3 Hour Sewing Project

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I made these window panels this week.  I went to the fabric store at 10:30am.  I returned home and began working on these at 11:30am.  I finished the entire project at 2:30pm!

My curtain rod was already installed with rings and clips.  If you do not have the rod installed, I would do this before beginning your project so you can make your window panels the exact length they need to be.

First of all, you need to decide the size of your panels.  It's a good rule of thumb to measure the width of your window and multiply by 1.5 for the fabric width measurement.  Next, decide if you want your panels to "puddle" or "skim" the floor.  I wanted my panels to barely graze the floor.  So, this was my method for making these panels...

In order to find your height measurement for panels that barely graze the floor - 
measure window area from the floor to the clip hanging from curtain rod, then add an inch.  
Mine measured 86"- then I added an inch for seam allowance giving me a height measurement of 87"

Next, I used the width of my fabric panel, which after cutting away salvage edge, was 54".

My windows required 10.5 yards of fabric and 10 yards of lining.  The reason I bought more of the printed fabric was because my fabric had a repeat pattern and I wanted the pattern to start and end at the same place on each panel.  If you are purchasing a repeat pattern fabric, you may need a full yard of additional fabric, it just depends on the size of your repeat area.

So, I made the following cuts...

Cut 4 panels of Fabric measuring 87" x 54" 
(I made sure my pattern began at the same exact place for each cut)
Cut 4 panels of Fabric Lining measuring 87" x 54"

With right sides facing each other, 
sew the lining and panel together along the sides 
and then trim the salvage edge.

Turn right side out. 
Turn top and bottom edges in 1/2 inch and press with hot iron.
Sew a top-stitch edge around the entire panel.
Press entire panel with a hot iron or hang and steam out wrinkles. 

Attach the panels to clip rings (evenly spaced across top) and hang on the rod.

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Best Cheesecake Ever

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Count Your Blessings

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I just wanted to share this little chalkboard art that I created this week.
"Count Your Blessings" was always one of my favorite songs when I was a little girl.
I still love this song and it now pops into my head 
each time I walk through the living room and see this chalkboard.

You might remember this from last year.  
I created a birthday chalkboard for my daughter's 13th birthday.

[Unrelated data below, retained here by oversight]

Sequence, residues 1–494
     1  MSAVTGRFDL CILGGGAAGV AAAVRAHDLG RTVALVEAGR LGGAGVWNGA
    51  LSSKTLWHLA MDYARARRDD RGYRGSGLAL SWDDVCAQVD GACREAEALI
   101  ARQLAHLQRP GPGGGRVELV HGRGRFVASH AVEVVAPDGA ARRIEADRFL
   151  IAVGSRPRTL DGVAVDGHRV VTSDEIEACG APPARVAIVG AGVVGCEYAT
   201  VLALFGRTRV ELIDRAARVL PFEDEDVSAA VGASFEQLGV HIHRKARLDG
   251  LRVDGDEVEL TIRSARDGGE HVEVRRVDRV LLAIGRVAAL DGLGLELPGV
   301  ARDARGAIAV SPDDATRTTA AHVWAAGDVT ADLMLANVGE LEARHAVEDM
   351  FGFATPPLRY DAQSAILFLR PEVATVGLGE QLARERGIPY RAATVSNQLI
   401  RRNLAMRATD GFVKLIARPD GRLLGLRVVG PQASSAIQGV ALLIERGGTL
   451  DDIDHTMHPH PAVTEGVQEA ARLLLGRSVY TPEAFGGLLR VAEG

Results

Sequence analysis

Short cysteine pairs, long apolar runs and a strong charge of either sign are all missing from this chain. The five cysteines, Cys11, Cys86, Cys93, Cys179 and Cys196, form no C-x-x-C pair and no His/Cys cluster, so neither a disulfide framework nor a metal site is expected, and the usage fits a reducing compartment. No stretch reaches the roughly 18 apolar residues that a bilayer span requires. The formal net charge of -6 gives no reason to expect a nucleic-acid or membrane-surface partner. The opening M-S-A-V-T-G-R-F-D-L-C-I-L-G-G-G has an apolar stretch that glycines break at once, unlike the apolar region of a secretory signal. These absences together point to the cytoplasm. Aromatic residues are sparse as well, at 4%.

Click on the photo above to go to that post. 

I repainted the frame with "ASCP Old White".

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Hemp Oil - Reviving a Farm Table

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Hemp Oil is amazing stuff! 
It is one of my favorite ways to finish painted furniture projects.  
I learned about this product at a Miss Mustard Seed Milk Paint Class earlier this year.  
I took the class at Me & Mrs. Jones, a great little shop and workshop that carries everything from stencil supplies to milk and chalk paint, plus offers a variety of technique classes.  
The gals over there are some of my favorite people and I highly recommend you check them out!  Here's a link to their website...

As much as I love Hemp Oil as a finisher, I still find that I love Annie Sloan Wax as well.  
There are great benefits to each of these products.  
I keep both in my workshop and decide on which to use according to the 
finish I'm striving for and the amount of cure time needed.  
Hemp oil requires about 30 days to completely cure.  
It has a bit of an oily touch prior to the 30 days.


I love my kitchen farm table!  
We had it custom built a couple years ago.  
It fits the space in my kitchen perfectly.  
We found some great wooden chairs with fabric seats that I easily recovered.  
I bought a couple of parson chairs from a friend that I use at the head of the table.  
I made custom slip covers using a heavy ticking upholstery fabric.  
This ensemble is my favorite furniture in our house!


I initially used a poly-protectant on the wood but it has worn off... as you can see.   
This table is the one my family always use for meals, homework, projects, etc.  
It was starting to look really bad so I decided to treat it with a little hemp oil.

This project took me less than 30 minutes.  
I simply used a chip brush (that I threw away afterwards) and painted out of a plastic bowl of hemp oil. I thoroughly saturated the wood as I painted and let it sit for 15 minutes, 
then I took cheesecloth and absorbed up the excess oil.  
It took a solid 3 weeks to cure but we were able to use the table after 48 hours.  
It had a bit of an oily feel for those 3 weeks but it didn't get onto clothing or anything like that.  
It changed the whole appearance of my table and made me love it even more.  
The wood looks new and beautiful again.

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